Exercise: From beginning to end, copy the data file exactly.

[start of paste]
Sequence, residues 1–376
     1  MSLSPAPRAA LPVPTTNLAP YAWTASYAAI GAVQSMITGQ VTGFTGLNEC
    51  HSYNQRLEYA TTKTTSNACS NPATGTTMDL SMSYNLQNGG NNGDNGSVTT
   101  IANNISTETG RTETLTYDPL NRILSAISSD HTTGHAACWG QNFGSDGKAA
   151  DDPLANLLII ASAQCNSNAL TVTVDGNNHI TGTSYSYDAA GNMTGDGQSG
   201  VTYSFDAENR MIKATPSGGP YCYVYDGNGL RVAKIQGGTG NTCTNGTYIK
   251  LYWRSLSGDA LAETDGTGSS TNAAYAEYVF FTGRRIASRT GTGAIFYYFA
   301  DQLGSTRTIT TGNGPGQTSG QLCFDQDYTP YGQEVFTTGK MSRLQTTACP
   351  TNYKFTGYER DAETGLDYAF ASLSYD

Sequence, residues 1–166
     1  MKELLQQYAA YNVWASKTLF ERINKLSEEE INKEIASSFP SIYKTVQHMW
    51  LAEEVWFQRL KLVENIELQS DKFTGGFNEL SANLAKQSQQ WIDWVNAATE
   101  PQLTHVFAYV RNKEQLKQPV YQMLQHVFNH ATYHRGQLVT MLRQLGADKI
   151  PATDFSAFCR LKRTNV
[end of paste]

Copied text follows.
Sequence, residues 1–376
     1  MSLSPAPRAA LPVPTTNLAP YAWTASYAAI GAVQSMITGQ VTGFTGLNEC
    51  HSYNQRLEYA TTKTTSNACS NPATGTTMDL SMSYNLQNGG NNGDNGSVTT
   101  IANNISTETG RTETLTYDPL NRILSAISSD HTTGHAACWG QNFGSDGKAA
   151  DDPLANLLII ASAQCNSNAL TVTVDGNNHI TGTSYSYDAA GNMTGDGQSG
   201  VTYSFDAENR MIKATPSGGP YCYVYDGNGL RVAKIQGGTG NTCTNGTYIK
   251  LYWRSLSGDA LAETDGTGSS TNAAYAEYVF FTGRRIASRT GTGAIFYYFA
   301  DQLGSTRTIT TGNGPGQTSG QLCFDQDYTP YGQEVFTTGK MSRLQTTACP
   351  TNYKFTGYER DAETGLDYAF ASLSYD

Sequence, residues 1–166
     1  MKELLQQYAA YNVWASKTLF ERINKLSEEE INKEIASSFP SIYKTVQHMW
    51  LAEEVWFQRL KLVENIELQS DKFTGGFNEL SANLAKQSQQ WIDWVNAATE
   101  PQLTHVFAYV RNKEQLKQPV YQMLQHVFNH ATYHRGQLVT MLRQLGADKI
   151  PATDFSAFCR LKRTNV